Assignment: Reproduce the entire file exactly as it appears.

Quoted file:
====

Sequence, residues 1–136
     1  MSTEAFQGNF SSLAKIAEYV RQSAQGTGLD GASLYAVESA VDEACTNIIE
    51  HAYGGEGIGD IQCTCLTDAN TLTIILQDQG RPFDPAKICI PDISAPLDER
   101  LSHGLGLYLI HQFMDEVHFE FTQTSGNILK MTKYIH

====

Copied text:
Sequence, residues 1–136
     1  MSTEAFQGNF SSLAKIAEYV RQSAQGTGLD GASLYAVESA VDEACTNIIE
    51  HAYGGEGIGD IQCTCLTDAN TLTIILQDQG RPFDPAKICI PDISAPLDER
   101  LSHGLGLYLI HQFMDEVHFE FTQTSGNILK MTKYIH